• Grow Peperomia japonica where you want trailing cover
  • Use shallow containers because it has a small root system 
  • Shallow containers reduce the chances of root rot
  • Grow Peperomia japonica in terracotta or in coir baskets as they allow for drying out the moisture from the bottom. 
  • Limit winter Peperomia japonica care to just moisture management and absolutely no fertilizers
  • Wash the leaves of your Peperomia japonica plant once in a way to keep pests at bay
  • Use natural insecticides like neem oil treatment as a preventive
  • Don’t expose it to cold drafts or direct sun 
  • Bring the plant indoors in winters




Is Peperomia japonica a succulent?

The plant has leaves that are slightly thick like succulents, but they are essentially epiphytes. Most of their needs are like succulents with the difference that they need more humidity than succulents. Certain other varieties of Peperomia however have even more succulent-like features.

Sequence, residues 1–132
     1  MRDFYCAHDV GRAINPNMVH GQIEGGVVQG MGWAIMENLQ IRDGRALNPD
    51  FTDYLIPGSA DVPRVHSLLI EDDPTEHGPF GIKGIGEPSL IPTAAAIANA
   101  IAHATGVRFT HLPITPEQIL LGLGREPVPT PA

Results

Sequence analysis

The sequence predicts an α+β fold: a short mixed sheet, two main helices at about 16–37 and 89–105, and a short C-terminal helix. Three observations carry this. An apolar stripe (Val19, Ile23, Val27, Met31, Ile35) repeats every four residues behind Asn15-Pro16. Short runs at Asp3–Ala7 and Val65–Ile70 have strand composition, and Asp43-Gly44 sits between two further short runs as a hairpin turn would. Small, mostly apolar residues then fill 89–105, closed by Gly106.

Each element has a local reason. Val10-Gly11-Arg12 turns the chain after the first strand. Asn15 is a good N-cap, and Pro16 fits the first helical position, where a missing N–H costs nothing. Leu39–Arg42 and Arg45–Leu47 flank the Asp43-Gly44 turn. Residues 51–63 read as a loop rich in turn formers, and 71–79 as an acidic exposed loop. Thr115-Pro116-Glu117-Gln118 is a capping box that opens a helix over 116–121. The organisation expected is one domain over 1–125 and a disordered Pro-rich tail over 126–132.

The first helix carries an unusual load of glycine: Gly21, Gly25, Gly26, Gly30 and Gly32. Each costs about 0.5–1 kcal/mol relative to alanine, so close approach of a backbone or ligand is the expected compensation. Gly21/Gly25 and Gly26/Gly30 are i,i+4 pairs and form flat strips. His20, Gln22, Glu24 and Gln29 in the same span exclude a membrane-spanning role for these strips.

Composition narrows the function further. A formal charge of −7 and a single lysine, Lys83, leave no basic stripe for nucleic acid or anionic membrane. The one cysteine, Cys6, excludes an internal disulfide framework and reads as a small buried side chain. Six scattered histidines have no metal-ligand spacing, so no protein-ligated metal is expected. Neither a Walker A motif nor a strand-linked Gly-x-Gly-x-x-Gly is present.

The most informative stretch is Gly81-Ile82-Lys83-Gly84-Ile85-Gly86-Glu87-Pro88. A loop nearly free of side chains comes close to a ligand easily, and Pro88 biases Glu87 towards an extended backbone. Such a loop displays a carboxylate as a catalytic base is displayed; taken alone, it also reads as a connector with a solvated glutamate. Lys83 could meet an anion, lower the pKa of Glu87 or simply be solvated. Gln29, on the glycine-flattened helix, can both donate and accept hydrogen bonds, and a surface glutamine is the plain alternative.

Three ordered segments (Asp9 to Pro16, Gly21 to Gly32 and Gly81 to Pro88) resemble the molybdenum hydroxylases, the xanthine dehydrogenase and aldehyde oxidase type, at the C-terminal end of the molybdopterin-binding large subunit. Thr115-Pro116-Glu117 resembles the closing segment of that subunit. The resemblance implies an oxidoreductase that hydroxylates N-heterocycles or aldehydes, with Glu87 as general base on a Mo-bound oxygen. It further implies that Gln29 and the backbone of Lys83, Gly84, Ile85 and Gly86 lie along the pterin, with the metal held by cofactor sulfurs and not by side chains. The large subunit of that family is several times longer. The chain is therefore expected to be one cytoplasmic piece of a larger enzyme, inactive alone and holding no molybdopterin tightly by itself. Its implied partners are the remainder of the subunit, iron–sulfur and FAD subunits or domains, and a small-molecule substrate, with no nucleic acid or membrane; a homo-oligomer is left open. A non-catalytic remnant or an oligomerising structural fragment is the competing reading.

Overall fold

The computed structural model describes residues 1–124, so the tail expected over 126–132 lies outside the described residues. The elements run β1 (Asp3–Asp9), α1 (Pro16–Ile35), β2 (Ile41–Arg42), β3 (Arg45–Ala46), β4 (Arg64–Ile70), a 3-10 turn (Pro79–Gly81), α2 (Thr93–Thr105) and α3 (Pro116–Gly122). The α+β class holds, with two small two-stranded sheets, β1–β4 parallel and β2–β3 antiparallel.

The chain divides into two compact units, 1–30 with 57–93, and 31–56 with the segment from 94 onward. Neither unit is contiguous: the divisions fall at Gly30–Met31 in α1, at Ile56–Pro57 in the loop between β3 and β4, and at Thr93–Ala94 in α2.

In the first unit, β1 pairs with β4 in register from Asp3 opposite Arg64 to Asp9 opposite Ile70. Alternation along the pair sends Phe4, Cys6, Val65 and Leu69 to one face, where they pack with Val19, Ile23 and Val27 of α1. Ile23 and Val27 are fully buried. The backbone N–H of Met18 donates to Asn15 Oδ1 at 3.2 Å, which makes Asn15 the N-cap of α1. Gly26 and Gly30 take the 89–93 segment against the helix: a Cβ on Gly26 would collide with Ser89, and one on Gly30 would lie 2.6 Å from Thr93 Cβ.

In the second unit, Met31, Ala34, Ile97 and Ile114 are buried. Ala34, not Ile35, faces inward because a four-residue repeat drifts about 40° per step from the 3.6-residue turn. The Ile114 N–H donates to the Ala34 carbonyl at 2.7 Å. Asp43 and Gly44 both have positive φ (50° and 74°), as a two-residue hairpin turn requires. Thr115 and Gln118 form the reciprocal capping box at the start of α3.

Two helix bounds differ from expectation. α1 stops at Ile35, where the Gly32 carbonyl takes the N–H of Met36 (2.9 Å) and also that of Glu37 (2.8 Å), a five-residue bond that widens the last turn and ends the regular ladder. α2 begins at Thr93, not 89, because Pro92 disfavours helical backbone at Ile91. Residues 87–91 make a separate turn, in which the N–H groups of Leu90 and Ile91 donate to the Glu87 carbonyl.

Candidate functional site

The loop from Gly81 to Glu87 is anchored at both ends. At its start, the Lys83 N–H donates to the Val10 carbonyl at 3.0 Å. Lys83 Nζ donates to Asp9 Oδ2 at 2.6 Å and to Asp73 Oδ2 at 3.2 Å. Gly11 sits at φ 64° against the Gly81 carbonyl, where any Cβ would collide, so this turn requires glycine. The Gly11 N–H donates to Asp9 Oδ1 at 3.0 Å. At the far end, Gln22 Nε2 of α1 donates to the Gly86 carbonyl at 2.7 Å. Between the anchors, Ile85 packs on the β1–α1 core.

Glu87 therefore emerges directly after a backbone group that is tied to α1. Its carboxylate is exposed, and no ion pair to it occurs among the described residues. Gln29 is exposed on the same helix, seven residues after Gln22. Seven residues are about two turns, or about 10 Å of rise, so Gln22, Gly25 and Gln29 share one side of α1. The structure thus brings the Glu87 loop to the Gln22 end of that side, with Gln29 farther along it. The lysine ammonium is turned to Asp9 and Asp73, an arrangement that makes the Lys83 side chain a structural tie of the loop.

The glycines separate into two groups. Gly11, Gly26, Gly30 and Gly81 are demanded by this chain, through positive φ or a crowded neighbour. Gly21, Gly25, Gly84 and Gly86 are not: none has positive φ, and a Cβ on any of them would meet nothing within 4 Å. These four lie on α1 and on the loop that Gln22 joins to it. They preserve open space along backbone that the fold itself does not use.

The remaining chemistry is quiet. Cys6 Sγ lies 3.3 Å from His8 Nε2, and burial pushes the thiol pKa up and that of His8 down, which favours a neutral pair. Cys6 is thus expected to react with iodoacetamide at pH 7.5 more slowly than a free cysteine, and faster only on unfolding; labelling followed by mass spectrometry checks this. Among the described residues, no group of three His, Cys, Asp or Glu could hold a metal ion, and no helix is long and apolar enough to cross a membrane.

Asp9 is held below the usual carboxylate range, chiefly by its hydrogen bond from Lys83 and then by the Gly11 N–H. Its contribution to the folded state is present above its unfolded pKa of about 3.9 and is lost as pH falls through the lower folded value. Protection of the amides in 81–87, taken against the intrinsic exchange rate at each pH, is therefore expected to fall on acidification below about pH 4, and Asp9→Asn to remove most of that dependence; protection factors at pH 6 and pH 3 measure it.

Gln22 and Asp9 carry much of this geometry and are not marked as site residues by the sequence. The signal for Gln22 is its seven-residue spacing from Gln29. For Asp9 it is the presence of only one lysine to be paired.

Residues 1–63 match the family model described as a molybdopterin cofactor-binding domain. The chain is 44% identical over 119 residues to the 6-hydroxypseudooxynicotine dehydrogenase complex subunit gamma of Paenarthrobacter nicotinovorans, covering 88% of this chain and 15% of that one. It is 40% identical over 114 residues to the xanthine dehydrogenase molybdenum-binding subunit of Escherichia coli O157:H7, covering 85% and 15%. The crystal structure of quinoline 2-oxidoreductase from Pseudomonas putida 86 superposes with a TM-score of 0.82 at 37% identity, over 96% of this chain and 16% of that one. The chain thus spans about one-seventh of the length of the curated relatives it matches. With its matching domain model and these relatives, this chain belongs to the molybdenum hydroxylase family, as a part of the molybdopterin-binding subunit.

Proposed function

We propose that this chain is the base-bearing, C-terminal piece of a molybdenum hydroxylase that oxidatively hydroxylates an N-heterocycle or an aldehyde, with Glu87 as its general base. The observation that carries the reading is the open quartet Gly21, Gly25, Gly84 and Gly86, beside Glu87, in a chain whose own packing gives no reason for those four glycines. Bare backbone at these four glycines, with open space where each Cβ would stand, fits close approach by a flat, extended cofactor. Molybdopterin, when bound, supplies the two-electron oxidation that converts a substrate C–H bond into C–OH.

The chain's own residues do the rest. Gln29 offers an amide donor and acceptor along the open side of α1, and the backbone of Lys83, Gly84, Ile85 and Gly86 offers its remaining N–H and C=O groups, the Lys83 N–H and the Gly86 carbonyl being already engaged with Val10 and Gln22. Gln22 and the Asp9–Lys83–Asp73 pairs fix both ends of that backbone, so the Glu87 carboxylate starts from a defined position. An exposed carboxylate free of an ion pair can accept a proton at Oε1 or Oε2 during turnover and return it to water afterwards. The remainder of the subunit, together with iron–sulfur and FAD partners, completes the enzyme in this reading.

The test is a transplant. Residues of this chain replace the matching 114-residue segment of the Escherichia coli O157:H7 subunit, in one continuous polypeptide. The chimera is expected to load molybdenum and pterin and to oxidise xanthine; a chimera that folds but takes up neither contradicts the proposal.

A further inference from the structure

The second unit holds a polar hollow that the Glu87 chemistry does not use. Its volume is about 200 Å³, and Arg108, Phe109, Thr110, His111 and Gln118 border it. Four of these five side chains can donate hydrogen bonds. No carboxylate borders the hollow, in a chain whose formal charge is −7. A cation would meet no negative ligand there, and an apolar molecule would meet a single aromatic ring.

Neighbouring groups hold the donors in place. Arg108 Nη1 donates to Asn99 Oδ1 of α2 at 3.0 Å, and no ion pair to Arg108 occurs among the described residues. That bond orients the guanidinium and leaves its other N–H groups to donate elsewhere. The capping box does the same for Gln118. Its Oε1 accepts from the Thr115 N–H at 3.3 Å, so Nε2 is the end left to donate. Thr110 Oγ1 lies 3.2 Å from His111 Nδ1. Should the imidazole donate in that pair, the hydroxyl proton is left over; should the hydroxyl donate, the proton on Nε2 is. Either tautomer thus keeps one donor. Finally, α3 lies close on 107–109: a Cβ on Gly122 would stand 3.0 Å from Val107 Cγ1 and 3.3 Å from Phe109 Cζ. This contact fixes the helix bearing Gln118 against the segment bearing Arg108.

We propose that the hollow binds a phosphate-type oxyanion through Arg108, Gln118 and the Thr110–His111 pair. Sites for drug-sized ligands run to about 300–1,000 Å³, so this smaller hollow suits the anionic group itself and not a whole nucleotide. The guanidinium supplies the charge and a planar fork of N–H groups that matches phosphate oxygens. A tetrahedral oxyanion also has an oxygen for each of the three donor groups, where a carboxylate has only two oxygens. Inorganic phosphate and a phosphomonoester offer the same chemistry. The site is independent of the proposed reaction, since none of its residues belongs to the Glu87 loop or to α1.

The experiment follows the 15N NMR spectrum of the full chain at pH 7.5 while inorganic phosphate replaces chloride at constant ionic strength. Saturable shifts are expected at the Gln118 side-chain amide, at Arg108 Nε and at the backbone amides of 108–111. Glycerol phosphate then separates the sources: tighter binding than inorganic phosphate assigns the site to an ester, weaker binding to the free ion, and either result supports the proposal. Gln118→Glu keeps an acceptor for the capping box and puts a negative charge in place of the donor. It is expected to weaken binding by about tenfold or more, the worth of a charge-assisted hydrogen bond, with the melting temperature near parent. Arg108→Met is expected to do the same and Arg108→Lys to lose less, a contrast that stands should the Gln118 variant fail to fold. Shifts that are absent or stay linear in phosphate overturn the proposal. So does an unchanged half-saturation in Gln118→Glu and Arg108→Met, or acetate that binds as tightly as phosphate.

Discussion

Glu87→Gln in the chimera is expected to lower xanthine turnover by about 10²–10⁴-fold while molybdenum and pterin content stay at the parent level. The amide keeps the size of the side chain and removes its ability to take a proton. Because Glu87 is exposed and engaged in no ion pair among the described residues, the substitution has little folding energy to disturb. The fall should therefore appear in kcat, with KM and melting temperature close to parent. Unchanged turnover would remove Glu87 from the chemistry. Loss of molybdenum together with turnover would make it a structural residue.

How to grow Peperomia japonica to look bushy?

Peperomia japonica is a low growing trailer and doesn’t get tall. If you want a bushy look propagate it using the ground layering method I’ve detailed in the propagation section. I’ve had great results twirling the stems back into the soil inducing more shoots to spring out from the sides improving the volume of the foliage.


Can you grow Peperomia japonica under artificial light?

They can grow under fluorescent light kept on for about 12 hours a day.


Are Peperomia plants poisonous?

Peperomia plants are safe for humans and animals. They do not bring any harm if ingested. However, it is best to keep them away from children and pets.



If you grow Peperomia japonica you’ll notice that it’s a generous plant. It is non-invasive and doesn’t take up space in a way that damages other plants.

But it definitely covers bare spots very well and adds spots of lush green all around your garden.

In my experience, this plant is worth a lot more attention than it gets in the peperomia world.

If you had fun growing this, you should consider growing other popular variants with a similar trailing growth habit such as Peperomia Trinervula, Peperomia orba, Peperomia hoffmannii etc. All of these make great hanging vines and have close care requirements.

Happy growing!